Question: I have heard some controversial statements concerning the use of sodium lauryl sulfate, or SLS. Can you tell me exactly what SLS is, how it is used, and whether or not I should be concerned?
Laura Seipp responds: The chemical ingredients used in personal care products tend to be surrounded by a fair amount of controversy. There are those on either side of the issue who take an extreme view: “This ingredient is perfectly safe!” to “This ingredient should be avoided at all costs!” Sodium lauryl sulfate, or SLS, is perhaps one of the most controversial of these ingredients in use today.
SLS is a surfactant, degreaser, detergent and emulsifier that is used in thousands of foaming personal care products including shampoo, soap, facial cleansers, body wash, bubble bath, shower gel, shaving cream and toothpaste. Used in strong concentrations, SLS is also used to degrease engines and clean garage floors.
• SLS has been found to penetrate the eyes and tissues. Tests show that SLS can penetrate into the eyes as well as systemic tissues such as the heart, brain and liver, where they are retained for long periods of time.1 This quality makes SLS especially harmful to infants and children.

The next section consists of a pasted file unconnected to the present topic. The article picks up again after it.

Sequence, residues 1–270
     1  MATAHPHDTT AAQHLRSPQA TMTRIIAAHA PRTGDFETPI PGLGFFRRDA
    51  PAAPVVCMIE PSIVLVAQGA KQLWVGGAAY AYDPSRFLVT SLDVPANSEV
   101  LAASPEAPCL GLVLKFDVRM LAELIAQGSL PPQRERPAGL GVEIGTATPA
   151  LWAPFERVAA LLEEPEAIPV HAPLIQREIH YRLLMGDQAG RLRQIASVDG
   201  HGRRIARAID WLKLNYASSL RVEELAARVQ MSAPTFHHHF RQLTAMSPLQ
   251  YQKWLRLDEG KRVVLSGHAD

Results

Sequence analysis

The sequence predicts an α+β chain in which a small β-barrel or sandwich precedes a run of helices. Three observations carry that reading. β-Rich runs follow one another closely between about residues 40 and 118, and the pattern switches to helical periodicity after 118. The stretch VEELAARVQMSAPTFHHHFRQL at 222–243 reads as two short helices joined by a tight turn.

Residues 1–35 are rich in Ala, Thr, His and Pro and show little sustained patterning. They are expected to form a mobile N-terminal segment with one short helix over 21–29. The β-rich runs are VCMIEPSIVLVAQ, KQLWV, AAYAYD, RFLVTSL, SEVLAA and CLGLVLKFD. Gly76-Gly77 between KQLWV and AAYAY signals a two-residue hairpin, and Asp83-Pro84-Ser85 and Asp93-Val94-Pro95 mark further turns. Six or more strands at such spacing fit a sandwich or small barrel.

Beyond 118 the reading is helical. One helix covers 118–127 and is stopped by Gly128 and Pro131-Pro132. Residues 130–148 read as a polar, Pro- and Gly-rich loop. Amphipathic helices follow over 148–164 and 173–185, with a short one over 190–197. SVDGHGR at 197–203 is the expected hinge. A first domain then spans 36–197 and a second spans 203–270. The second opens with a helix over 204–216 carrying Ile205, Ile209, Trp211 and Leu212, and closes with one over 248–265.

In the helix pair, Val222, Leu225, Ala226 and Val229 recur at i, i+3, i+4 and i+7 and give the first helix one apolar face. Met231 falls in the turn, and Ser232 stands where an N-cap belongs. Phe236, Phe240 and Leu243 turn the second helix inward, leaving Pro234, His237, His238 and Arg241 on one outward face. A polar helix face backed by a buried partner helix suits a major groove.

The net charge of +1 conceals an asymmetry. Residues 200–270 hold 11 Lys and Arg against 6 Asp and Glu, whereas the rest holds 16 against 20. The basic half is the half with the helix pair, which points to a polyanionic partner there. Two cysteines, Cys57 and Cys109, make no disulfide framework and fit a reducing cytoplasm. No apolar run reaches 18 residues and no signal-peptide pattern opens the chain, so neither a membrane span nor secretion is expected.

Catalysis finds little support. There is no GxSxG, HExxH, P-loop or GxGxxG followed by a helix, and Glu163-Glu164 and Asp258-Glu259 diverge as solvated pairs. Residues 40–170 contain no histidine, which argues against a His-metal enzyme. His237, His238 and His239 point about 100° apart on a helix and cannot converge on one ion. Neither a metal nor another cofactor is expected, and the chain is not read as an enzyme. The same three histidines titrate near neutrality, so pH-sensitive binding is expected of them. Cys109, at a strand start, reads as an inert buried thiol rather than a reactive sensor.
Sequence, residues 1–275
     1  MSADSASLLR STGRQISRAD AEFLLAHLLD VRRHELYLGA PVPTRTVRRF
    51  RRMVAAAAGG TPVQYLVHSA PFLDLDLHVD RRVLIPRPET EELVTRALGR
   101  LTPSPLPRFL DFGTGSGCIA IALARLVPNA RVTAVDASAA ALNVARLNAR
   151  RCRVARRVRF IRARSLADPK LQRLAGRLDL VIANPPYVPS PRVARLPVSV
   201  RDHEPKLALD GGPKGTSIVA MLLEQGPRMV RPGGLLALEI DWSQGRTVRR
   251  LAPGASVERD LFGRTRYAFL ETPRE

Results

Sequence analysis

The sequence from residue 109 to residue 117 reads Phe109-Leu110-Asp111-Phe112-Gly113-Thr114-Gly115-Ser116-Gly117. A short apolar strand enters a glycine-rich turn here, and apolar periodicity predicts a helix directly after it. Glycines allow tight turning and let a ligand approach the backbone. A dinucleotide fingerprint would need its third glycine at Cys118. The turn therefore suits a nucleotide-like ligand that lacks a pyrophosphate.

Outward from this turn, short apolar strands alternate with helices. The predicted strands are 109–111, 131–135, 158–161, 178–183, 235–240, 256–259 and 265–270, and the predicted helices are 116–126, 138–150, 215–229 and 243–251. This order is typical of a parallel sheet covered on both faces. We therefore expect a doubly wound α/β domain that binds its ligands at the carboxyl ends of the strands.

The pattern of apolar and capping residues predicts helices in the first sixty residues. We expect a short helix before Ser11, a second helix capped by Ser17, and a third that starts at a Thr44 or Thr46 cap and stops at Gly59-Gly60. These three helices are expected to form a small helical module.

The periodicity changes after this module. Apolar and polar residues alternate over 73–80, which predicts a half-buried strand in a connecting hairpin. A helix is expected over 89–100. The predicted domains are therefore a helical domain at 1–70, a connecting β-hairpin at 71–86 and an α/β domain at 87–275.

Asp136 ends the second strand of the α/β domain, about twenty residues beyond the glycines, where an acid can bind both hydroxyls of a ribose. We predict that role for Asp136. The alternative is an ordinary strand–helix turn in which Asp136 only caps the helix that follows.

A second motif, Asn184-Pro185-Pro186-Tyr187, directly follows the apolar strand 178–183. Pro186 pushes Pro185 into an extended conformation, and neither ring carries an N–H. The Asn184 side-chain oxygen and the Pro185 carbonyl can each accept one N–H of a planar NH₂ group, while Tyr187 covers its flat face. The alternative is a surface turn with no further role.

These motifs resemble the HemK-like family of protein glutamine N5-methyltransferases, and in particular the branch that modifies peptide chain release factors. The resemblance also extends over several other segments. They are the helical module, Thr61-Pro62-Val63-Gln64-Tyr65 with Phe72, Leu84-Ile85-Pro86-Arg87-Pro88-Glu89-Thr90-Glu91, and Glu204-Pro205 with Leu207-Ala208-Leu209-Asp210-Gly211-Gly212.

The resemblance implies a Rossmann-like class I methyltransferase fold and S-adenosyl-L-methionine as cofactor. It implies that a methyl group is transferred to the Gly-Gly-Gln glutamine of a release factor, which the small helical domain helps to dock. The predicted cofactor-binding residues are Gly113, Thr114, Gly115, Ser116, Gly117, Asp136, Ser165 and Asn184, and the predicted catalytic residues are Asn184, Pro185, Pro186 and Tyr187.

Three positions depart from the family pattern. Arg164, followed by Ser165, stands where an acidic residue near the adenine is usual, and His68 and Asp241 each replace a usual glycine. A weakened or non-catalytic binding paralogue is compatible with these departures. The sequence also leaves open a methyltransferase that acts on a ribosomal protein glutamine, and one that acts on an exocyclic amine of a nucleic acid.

• SLS can form carcinogenic nitrates when used in shampoos and cleansers containing nitrogen-based ingredients. These nitrates can enter the bloodstream in large numbers and cause eye irritations, skin rashes and allergic reactions.2
• SLS tends to react with DEA (diethanolamine) and TEA (triethanolamine) to form the nitrosamine NDELA, a potent carcinogen that causes the body to absorb nitrates at high levels.3
• SLS strips moisture and oil from the skin and scalp, which may produce inflammation of the skin4, hair damage and hair loss5.
• SLS has been shown in studies performed in Japan to damage DNA in cells.6
Proponents of the use of SLS in personal care products contend that when used in small quantities and in the generally small concentrations found in most personal care products, and when rinsed from the skin or hair immediately and thoroughly, SLS poses absolutely no health risks.
Two common alternatives to SLS that are generally considered to be both mild and safe are ammonium cocoyl isthionate and olefin sulfonate. Sodium laureth sulfate (SLES), closely related to but milder than SLS, has ether added and is therefore considered toxic.7
When choosing personal care products, remember that knowledge is power. Make your choices carefully, and read those ingredient labels!
1 Green, Dr. Keith. “Detergent Penetration Into Young and Adult Eyes.” Department of Ophthalmology, Medical College of Georgia, Augusta, GA
2 Hampton, Aubrey. Dictionary of Cosmetic Ingredients. Organica Press, Tampa, FL
3 Erickson Kim. Drop-Dead Gorgeous. Contemporary Books, New York, NY
4 “Denaturation of Epidermal Keratin by Surface Active Agents.” Journal of Investigative Dermatology, 32-581, 1959
5 Wright, Camille S. Shampoo Report. Images International, Inc. 1989
6 Vance, Judi. Beauty To Die For. toExcel Press, Lincoln, NE